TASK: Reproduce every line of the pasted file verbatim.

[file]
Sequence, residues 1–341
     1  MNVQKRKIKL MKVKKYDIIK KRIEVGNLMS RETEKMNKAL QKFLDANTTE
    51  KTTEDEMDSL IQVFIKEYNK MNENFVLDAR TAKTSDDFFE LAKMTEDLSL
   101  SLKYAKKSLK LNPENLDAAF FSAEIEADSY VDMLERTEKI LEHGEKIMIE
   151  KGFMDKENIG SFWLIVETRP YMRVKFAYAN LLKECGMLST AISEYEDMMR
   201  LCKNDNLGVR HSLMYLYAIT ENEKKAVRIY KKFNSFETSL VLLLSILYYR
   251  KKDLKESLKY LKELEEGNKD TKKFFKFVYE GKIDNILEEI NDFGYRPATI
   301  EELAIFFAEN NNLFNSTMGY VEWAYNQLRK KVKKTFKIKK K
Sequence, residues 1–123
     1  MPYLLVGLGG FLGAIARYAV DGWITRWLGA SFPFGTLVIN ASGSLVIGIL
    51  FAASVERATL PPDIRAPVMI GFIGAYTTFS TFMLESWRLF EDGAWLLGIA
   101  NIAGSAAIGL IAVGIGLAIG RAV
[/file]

Sequence, residues 1–341
     1  MNVQKRKIKL MKVKKYDIIK KRIEVGNLMS RETEKMNKAL QKFLDANTTE
    51  KTTEDEMDSL IQVFIKEYNK MNENFVLDAR TAKTSDDFFE LAKMTEDLSL
   101  SLKYAKKSLK LNPENLDAAF FSAEIEADSY VDMLERTEKI LEHGEKIMIE
   151  KGFMDKENIG SFWLIVETRP YMRVKFAYAN LLKECGMLST AISEYEDMMR
   201  LCKNDNLGVR HSLMYLYAIT ENEKKAVRIY KKFNSFETSL VLLLSILYYR
   251  KKDLKESLKY LKELEEGNKD TKKFFKFVYE GKIDNILEEI NDFGYRPATI
   301  EELAIFFAEN NNLFNSTMGY VEWAYNQLRK KVKKTFKIKK K
Sequence, residues 1–123
     1  MPYLLVGLGG FLGAIARYAV DGWITRWLGA SFPFGTLVIN ASGSLVIGIL
    51  FAASVERATL PPDIRAPVMI GFIGAYTTFS TFMLESWRLF EDGAWLLGIA
   101  NIAGSAAIGL IAVGIGLAIG RAV